Ryan Vershay represents some of Indiana’s largest companies in real estate and business litigation in state and federal court and has become a leader within his firm. But he’s also passionate about helping young professional succeed. He’s active with IndyHub, which brings together young professionals, especially those new to the area, for opportunities to socialize and network.
If you hadn’t pursued a legal career, what would you be doing instead?
I would probably be involved in real estate investing and development. I’ve always enjoyed working with real estate. The opportunity to develop property and improve the brick and mortar of a community would be fun and rewarding on many levels. It also produces tangible results.
When did you first decide you would become a lawyer, and what motivated you?
When I was in grade school, people would often tell me I would make a great lawyer. I didn’t know any lawyers at the time, or what they saw in me that would make them say that. But I set my sights on law school at an early age, and I’m happy I made that decision. Once in law school, I realized it was a unique opportunity and I motivated myself to make the most of it each day. Which probably resulted in way too many hours spent outlining for finals.
What was your most memorable job before becoming an attorney?
I was at a wedding in Iowa when I received a call from a friend’s father. He was on his way to Minneapolis to install school lockers. All I had was a backpack full of dress clothes, but he picked me up from the reception a few hours later. My roommates drove my car back to Michigan and I spent the next two weeks installing school lockers.
Who is someone who inspired or mentored you, and what did you learn from them?
I didn’t realize it until I moved out for college, but I learned a sense of responsibility and work ethic from my dad. Whether it was waking up before dawn each day for a long commute or carting us around to our various baseball games and social events, he never hesitated or complained (and actually seemed to enjoy it). It was all part of earning a living and raising a family, which I can appreciate now.
What’s been the most rewarding aspect of your practice?
Solving client problems. The broad nature of my practice has presented a variety of clients with a variety of legal issues, and very seldom are two situations alike. Finding and reaching solutions tailored to each client’s needs has been the most challenging, and rewarding, aspect of my practice. Especially when the viability of a client’s business hangs in the balance.
Tell us about your involvement in the young professionals organization IndyHub.
When I moved to Indy in 2008, I had no friends or family in the area and had to quickly build a social and professional network. IndyHub was a great resource because it connected me with a variety of other young professionals at a series of engaging events. I started the monthly IndyHub Happy Hour to provide an informal, no-obligation setting for young professionals to meet and socialize — especially those relocating to Indy and finding themselves in a similar position as me. I continued to participate in various IndyHub events and served as a founding member of its Mosaic Initiative.
What do you most enjoy doing when you’re not in the office?
Spending time with my wife and three (soon to be four) kids. I try to prioritize my time at home as much as I prioritize my time at work (with some exceptions, of course). I believe that if I can be a successful husband and father, that will provide a solid foundation for professional success.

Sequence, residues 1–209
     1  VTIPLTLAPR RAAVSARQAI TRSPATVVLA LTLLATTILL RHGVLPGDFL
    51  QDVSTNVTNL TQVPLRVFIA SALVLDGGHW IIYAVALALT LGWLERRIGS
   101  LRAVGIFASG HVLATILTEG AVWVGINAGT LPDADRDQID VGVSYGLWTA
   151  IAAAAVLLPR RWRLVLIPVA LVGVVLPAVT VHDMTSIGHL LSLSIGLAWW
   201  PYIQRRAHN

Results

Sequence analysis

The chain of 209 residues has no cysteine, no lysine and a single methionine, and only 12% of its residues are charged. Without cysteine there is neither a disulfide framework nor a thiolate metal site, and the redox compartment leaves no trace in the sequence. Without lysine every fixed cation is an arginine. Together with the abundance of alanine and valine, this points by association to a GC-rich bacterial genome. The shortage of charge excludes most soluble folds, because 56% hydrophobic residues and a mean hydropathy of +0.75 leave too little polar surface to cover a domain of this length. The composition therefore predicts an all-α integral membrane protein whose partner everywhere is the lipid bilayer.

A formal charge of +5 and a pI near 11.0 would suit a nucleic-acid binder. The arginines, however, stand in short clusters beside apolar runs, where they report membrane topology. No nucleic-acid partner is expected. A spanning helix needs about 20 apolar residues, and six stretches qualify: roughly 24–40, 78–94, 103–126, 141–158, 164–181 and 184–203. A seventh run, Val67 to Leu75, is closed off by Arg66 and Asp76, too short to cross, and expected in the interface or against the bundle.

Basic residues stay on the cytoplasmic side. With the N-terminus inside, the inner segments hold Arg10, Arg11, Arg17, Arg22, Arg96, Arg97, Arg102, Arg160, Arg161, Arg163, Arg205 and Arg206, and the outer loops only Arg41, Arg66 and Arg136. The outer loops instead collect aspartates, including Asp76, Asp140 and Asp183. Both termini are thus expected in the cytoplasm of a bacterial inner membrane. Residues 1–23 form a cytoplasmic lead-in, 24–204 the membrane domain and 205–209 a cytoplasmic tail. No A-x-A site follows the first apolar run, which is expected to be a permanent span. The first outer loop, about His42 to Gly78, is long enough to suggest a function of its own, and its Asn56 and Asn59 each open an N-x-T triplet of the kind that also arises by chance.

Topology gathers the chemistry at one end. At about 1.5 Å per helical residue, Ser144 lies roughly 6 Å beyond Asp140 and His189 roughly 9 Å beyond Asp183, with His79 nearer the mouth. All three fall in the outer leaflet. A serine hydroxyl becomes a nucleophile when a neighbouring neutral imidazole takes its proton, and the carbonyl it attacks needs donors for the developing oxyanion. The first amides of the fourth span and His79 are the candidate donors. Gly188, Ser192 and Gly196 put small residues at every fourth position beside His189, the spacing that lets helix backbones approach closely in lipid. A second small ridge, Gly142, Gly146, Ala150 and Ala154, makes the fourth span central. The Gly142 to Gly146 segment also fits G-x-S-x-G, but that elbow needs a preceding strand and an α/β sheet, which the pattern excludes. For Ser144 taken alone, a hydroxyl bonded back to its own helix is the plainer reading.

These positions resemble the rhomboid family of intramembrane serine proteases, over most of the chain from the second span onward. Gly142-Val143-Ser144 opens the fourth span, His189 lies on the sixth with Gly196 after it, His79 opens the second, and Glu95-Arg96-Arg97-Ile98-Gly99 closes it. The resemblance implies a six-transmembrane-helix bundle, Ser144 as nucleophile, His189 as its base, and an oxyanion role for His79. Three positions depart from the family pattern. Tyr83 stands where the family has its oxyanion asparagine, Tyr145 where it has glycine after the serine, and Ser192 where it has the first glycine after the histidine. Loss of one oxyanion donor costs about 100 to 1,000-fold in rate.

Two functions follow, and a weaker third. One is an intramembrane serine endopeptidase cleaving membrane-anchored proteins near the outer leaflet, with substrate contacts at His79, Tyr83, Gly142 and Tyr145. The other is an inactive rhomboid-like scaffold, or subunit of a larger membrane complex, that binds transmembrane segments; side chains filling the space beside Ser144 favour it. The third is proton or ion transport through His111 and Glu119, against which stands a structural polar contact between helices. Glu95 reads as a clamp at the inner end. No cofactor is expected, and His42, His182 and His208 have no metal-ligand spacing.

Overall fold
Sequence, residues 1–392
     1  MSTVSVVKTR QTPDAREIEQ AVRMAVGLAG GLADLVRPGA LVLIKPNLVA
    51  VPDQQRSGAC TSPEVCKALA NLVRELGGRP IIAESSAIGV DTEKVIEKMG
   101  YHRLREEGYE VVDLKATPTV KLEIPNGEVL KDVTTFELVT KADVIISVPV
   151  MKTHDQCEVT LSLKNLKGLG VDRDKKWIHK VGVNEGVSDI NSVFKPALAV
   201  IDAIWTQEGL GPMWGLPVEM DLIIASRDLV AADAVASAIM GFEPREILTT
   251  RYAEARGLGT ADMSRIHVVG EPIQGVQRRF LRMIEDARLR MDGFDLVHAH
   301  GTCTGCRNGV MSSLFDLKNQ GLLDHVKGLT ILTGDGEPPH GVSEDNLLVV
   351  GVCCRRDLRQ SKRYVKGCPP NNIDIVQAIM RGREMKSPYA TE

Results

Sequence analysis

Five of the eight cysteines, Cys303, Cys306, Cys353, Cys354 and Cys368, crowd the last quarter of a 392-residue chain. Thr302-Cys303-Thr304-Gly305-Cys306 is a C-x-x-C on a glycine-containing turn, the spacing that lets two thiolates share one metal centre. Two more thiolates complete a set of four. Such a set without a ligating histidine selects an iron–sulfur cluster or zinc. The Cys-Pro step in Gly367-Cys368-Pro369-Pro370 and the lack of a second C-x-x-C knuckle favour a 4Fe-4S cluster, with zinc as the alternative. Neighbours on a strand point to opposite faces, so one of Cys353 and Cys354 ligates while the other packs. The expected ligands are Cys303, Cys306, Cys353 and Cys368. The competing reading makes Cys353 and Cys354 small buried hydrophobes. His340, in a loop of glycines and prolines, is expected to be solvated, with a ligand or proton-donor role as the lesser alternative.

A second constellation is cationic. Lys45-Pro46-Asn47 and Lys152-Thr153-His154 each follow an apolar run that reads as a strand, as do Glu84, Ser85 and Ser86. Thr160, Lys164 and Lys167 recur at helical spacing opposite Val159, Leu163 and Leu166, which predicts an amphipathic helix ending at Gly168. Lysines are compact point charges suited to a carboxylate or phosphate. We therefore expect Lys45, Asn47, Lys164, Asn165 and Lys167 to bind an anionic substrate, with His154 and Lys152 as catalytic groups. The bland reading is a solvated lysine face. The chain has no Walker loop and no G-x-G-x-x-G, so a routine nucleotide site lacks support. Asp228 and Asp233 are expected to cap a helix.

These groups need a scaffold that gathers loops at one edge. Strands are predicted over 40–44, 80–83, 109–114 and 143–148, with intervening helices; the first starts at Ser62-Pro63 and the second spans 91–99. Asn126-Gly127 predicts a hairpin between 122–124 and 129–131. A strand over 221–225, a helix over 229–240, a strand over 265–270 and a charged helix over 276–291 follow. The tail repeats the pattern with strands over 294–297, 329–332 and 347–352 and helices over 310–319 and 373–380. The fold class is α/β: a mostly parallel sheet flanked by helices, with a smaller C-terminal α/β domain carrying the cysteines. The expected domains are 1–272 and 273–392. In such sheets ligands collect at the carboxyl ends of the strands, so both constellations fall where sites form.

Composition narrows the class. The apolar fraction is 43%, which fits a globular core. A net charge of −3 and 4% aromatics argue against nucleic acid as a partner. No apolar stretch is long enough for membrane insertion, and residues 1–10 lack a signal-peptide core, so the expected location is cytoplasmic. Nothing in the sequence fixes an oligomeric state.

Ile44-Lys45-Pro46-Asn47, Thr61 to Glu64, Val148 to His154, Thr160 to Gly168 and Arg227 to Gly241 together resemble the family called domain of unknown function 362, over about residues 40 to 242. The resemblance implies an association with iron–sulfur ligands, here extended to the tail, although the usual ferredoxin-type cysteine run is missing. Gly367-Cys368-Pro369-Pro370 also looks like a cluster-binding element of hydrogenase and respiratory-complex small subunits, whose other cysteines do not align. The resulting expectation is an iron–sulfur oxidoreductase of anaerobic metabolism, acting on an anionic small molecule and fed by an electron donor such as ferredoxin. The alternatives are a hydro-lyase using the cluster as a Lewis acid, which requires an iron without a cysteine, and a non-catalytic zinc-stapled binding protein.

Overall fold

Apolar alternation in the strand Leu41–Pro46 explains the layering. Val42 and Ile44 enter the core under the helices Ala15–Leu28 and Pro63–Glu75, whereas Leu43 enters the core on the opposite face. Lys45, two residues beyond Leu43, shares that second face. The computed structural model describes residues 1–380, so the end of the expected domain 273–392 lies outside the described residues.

Where do you see yourself in 20 years?
Our kids will hopefully all be moved out by then, so I see myself traveling with my wife and catching up on some old hobbies. Professionally, I see myself right here at Lewis Wagner. The firm has provided every opportunity to build my practice and develop personal and professional relationships. I enjoy the people I work with, and the firm continues to add talented new professionals.
You’re active in numerous bar groups. How do those associations benefit you professionally?
Participation in bar events has provided me an opportunity to interact with local attorneys in a non-litigious context, and to often meet the person behind the name on a pleading. I have also enjoyed connecting with attorneys from other cities and states, firms of all sizes and practice areas. Having a widespread network has helped serve our clients when a legal issue arises in another jurisdiction and has been a valuable source of referral work here in Indy.
What’s something about you not many people know?
I graduated from Ave Maria College in Ypsilanti, Michigan. A year later, the school closed and moved to Florida. After graduation, I completed a year of law school at Ave Maria School of Law in Ann Arbor, Michigan. A year later, the school closed and moved to Florida. I finished my law degree at Notre Dame Law School. Fortunately, it did not close and did not move to Florida. For a moment I thought I was the common denominator!
What has been your most memorable case?
My most memorable case was our firm’s involvement in the litigation involving Dr. Mark Weinberger, the “nose doctor.” Sadly, his actions impacted the lives of many of his patients. But the legal and factual issues were fascinating and his disappearance and capture resembled a crime novel.
How do you see the legal profession changing in the next decade?
I believe satisfying the changes in client needs and demands will be the driving factor for how much the profession changes during the next decade. Many businesses are tightening litigation budgets and increasingly handling other legal work in-house, and so I believe maintaining an ability to provide great service and great results at reasonable and consistent fee structures will be critical to maintaining and growing a practice during the next decade.•